Effect of nitrogen fertilizer and irrigation on Acacia senegal seedling biomass and photosynthesis Public Deposited

http://ir.library.oregonstate.edu/concern/graduate_thesis_or_dissertations/mc87pt39s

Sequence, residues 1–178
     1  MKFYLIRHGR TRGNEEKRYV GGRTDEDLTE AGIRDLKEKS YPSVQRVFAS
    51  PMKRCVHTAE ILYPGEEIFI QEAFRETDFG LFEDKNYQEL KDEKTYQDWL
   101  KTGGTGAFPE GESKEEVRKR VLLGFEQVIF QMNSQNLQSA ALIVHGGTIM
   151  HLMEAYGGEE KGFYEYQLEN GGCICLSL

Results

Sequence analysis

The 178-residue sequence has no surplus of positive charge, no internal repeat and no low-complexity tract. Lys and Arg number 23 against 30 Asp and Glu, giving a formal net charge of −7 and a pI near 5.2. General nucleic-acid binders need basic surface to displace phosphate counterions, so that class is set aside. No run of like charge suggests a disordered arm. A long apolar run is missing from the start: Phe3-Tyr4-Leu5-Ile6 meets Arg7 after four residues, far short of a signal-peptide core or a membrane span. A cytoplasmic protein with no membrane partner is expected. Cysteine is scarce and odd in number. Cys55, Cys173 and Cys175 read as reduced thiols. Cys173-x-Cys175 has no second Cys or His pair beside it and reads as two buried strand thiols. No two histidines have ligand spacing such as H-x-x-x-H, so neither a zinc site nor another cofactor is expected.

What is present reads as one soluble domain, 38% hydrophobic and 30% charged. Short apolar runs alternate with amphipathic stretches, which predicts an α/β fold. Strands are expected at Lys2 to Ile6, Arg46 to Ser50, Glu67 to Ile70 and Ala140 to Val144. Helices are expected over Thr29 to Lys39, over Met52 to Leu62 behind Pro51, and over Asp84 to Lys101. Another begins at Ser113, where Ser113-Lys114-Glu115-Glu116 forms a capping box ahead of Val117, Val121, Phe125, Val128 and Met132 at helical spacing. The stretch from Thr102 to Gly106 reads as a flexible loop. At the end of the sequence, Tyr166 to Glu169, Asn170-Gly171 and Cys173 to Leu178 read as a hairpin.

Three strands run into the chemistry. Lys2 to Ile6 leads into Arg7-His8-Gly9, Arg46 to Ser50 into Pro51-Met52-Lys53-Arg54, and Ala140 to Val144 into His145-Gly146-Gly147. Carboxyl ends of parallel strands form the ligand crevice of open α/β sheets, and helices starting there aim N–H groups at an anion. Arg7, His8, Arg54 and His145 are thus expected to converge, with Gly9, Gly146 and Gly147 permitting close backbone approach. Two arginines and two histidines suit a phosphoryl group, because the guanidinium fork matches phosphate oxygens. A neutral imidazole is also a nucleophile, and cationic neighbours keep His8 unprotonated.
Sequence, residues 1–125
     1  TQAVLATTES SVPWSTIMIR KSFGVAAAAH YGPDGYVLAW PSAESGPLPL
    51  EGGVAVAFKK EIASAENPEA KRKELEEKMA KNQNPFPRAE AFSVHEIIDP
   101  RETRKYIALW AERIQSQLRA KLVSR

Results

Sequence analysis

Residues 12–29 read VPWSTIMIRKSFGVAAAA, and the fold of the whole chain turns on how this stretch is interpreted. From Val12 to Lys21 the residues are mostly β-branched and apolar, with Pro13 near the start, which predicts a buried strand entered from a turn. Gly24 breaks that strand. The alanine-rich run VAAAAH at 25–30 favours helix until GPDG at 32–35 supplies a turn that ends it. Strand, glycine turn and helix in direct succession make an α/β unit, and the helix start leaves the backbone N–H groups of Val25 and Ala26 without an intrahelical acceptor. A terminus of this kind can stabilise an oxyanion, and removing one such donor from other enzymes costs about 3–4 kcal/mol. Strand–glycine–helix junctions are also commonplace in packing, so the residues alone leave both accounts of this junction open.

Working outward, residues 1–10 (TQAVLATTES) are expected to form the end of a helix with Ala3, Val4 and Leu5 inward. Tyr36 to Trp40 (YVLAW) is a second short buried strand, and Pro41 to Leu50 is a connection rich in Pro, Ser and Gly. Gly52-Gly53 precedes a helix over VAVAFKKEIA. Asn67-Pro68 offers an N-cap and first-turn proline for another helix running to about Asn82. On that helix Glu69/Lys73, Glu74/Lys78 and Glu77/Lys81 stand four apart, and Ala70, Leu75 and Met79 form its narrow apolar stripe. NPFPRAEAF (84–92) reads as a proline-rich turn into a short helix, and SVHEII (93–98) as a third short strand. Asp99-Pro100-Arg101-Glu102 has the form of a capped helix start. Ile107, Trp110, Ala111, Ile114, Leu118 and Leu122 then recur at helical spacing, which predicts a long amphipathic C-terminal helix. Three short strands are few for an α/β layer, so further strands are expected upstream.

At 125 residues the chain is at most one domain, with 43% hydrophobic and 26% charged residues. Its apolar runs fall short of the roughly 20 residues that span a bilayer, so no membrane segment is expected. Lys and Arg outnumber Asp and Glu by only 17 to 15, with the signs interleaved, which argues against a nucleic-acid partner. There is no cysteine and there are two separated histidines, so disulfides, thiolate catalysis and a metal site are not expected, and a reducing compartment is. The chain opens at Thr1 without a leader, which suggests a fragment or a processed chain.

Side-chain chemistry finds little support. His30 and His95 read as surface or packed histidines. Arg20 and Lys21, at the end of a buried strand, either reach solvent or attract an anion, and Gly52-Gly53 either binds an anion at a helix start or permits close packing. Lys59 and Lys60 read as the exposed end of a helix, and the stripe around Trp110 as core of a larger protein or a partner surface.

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  • Seedlings of Acacia senegal were grown in a glass greenhouse to study the effect of nitrogen and irrigation regimes on dry matter production and allocation to different plant organs, net photosynthesis per unit leaf area, and nitrogen content in the different plant organs. Ammonium nitrate (NH4NO3) was used in this study, as the source of inorganic nitrogen. The nitrogen treatment consisted of four levels: 0, 30, 100, and 200 ppm of N which were added with the irrigation solution. Irrigation treatment consisted of irrigation every two, five or ten days. Nitrogen fertilization, irrigation regimes, and their interaction significantly affect the total stem, root, and leaf dry weight. However, low and moderate levels of N with irrigation every two days, resulted in higher total plant dry weight. Contrary to the initial hypothesis of the study, net photosynthesis showed no significant differences among the N treatments, but a decrease occurred after the fifth day since irrigation; this was also followed by a low net CO2 uptake. Stomatal conductance was affected significantly by the N and irrigation treatments. Total N content in the whole seedlings, stems, roots, and leaves was found to be high at low to moderate application of N, with irrigation every two days, while percent N in these parts showed a marked increase with increasing the N added. Moreover, percent N in roots showed the highest increase compared to percent N in stems and leaves.
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